In 2005, I resigned as a full-time pastor of a church and relocated to Lagos, Nigeria, with one mission in mind: To observe and study the life of Bishop David Oyedepo, resident Bishop of Faith Tabernacle, Ogun State, Nigeria, the Largest Single Church in the world, according to Guinness Book of Records What I share with you in this book is a summary of what I have learned from the life and ministry of Bishop Dr. David O. Oyedepo in this last 10 years. It's been a long journey, but suffice it say that I have enjoyed every bit of it. Like all men of great influence, Bishop Oyedepo, has been analysed in the public domain and given different names by different people. However, I believe that no man actually rises to the top by making mistakes. People only rise to the top by doing the right things over a long period of time. In this book, I share with you the success habits and secrets of one of the greatest leaders of Charismatic revival on earth today...Bishop David Olaniyan Oyedepo May we all fulfill the purpose for which we are born.
This study explores the current state of knowledge with respect to the effects of wet weather flows from urban areas on the physical character of aquatic habitat. It identifies knowledge gaps with respect to our ability to define the cause-effect relationships, examines the comprehensiveness of the data used in support of the published literature in the subject area, and makes a qualitative determination of the usefulness of those data for further analysis to increase our knowledge in the subject area. Finally, it recommends further research studies that will increase our knowledge in the subject area, with emphasis on pilot-scale projects that can be used to develop practical protocols for preventing or mitigating the effects. Major findings and conclusions are: 1) we lack a solid conceptual framework for predicting the impact of large-scale watershed modifications and wet weather flows on ecological processes that influence stream communities; 2) there is a need for longer-term monitoring; 3) there is no widely accepted system for quantifying geomorphic instability and degradation of physical habitat; 4) there is a need for process-based stream classification; 5) specific links between urbanization characteristics and stream degradation are lacking; 6) there is a need for urban best management practice (BMP) assessment standards; and 7) developing a multi-scale understanding of habitat potential in human-dominated watersheds is needed. The report recommends a research program that first and foremost, includes comprehensive, long-term monitoring augmented with mathematical modeling of the linkages between development style/drainage system design, flow regime, and multi-scale changes in physical habitat and biotic response. Improved diagnosis and predictive understanding of future change require multifaceted, multiscale, and multidisciplinary studies based on a firm understanding of the history and processes operating in a drainage basin. Detailed long-term analyses of the influence of hydrologic regime and channel morphology on differences between communities in recruitment, immigration/emigration, mortality, and age structure are also needed. Finally, future research should directly examine tradeoffs between: 1) flood mitigation versus channel roughness, habitat heterogeneity, debris inputs, and riparian protection; 2) chemical water quality improvement through extended detention versus geomorphically-based flow regime controls; and, 3) rehabilitation of aquatic habitat using static features versus allowing the potential for dynamic adjustments in channel form and habitat structure. It is extremely important that the research be pragmatic, and focus on developing pilot/demonstration studies that will lead to design guidance that municipalities can use to design new systems, or improve existing systems, that will protect not only the safety and welfare of the citizenry that it serves, but also the aquatic ecosystems in the streams that receive the wet weather discharges from these urbanized sites.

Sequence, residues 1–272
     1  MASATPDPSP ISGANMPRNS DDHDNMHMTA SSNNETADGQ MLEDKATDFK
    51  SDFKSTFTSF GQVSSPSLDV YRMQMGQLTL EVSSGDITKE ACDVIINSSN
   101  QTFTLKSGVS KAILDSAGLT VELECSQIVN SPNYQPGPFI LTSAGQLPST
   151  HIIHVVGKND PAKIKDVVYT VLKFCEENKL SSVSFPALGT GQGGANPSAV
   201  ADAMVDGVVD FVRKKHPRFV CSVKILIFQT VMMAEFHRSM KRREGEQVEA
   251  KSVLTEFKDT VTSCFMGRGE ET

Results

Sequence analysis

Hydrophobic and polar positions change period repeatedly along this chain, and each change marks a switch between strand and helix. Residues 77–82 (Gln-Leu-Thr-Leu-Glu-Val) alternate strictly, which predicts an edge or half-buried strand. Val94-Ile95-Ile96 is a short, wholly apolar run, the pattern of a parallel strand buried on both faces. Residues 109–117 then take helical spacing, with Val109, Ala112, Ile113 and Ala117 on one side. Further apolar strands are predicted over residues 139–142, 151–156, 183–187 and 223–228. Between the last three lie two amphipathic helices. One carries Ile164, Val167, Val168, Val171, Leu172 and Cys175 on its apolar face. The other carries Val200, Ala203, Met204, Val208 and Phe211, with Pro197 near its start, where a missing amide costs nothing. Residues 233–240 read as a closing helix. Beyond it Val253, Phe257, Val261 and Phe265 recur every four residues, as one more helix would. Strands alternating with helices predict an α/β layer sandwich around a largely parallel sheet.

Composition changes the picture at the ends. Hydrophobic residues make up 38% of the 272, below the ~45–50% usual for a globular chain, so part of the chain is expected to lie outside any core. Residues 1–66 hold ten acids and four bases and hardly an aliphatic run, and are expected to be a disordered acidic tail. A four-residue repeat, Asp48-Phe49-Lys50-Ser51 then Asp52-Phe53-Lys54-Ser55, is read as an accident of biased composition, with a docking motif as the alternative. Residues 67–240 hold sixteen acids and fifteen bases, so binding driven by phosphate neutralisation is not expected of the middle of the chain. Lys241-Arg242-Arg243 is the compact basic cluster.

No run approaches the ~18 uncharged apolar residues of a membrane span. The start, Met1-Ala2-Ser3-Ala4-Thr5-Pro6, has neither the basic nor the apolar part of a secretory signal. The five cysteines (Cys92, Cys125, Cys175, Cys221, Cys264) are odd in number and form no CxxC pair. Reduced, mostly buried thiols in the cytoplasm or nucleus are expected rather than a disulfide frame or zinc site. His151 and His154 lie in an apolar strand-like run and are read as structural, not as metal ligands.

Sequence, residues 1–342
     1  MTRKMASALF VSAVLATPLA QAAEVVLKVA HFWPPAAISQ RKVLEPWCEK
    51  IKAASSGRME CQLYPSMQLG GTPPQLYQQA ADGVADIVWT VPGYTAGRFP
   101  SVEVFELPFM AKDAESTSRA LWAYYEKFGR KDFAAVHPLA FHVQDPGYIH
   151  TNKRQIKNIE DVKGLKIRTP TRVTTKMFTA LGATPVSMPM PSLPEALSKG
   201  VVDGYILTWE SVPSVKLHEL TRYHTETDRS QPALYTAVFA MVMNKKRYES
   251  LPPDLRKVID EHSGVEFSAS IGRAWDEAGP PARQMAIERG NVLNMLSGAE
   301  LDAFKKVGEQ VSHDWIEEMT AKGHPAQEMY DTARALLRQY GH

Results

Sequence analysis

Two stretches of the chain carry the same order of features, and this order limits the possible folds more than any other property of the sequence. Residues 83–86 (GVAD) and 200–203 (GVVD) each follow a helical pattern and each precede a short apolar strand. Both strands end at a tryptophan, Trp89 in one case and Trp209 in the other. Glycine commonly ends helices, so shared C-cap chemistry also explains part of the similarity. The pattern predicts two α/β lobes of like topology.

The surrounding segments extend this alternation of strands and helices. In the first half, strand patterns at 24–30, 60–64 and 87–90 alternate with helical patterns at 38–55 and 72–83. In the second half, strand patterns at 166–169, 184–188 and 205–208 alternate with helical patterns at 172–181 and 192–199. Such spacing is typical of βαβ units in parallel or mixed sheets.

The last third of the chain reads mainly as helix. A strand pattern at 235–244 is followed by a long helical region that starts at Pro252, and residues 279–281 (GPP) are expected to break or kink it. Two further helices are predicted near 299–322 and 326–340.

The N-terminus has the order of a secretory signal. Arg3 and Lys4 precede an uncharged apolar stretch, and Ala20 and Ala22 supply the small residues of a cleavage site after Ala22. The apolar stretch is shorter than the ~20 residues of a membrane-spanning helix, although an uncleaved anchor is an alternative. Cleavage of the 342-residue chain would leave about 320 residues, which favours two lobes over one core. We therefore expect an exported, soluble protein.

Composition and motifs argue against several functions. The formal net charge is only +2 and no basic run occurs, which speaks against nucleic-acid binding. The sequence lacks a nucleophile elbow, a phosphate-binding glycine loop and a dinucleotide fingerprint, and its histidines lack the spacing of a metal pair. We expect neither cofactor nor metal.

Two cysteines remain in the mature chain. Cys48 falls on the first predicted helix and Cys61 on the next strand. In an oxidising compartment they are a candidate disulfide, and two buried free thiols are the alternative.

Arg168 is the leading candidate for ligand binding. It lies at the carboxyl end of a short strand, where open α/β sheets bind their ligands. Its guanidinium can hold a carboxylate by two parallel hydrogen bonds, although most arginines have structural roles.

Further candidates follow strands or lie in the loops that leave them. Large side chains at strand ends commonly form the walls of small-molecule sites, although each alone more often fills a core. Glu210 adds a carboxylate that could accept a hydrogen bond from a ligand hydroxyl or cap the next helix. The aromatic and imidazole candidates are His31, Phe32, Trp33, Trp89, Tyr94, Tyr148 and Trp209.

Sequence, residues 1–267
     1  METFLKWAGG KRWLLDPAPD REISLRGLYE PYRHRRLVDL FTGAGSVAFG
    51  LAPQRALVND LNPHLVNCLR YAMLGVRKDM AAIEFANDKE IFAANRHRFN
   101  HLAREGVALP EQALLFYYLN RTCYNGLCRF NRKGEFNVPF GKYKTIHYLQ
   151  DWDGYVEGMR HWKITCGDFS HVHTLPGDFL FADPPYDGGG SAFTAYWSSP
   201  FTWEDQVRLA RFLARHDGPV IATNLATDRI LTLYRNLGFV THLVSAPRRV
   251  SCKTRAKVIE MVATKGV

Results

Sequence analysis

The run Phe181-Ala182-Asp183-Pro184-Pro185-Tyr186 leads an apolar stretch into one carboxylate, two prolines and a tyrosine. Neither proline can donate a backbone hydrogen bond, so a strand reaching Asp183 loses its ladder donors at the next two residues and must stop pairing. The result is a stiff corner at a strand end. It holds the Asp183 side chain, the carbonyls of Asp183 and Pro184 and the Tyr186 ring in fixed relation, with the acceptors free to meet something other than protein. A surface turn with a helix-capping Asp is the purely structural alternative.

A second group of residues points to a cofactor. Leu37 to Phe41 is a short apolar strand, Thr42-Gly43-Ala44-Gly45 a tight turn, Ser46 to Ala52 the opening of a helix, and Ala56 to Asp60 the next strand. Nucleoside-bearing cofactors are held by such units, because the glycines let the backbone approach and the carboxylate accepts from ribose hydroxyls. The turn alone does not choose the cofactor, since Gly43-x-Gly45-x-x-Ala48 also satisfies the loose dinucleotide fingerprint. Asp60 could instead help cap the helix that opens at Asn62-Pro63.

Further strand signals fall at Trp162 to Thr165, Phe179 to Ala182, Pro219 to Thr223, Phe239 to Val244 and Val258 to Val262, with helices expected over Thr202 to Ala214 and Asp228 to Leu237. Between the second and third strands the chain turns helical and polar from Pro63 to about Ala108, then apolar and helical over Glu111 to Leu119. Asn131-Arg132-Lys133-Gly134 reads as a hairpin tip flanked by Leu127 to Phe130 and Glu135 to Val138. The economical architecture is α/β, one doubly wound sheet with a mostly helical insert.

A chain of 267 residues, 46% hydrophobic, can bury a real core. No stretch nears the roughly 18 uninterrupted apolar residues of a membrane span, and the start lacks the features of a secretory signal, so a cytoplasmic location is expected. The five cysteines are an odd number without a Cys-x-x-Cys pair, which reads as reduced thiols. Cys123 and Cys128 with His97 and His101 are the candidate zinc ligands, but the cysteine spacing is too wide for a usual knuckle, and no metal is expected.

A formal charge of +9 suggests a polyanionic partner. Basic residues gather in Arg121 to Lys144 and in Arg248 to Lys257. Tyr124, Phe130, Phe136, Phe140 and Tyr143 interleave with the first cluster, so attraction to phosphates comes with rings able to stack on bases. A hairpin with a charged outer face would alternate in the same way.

Since the 'sixties anxiety about the future of mankind has led to a number of major publications on the world's vital problems and the relationship be- tween them, the best known being the reports to the Club of Rome. This study of the problems of providing living accommodation for a rapid- ly growing world population, taking into account the limits that must be set to this growth, was started in 1973 at the Academy of Architecture and Erasmus University, Rotterdam, and testifies to the same anxiety. Inhabiting the Earth as a Finite World is the impressive result of a study of the consequences of meeting the just demand for good accommodation for all the earth's in- habitants, worked out with the aid of a world model and a number of case studies. The value of models, especially very complex ones, is at present debatable. Nevertheless, they can often cast light on complex situations. The simplified form of the real situation, which every model in fact is, allows certain impli- cations of decisions to be discerned and taken into account in planning. The comparison of the results of the study with the design process is a clear example of this.
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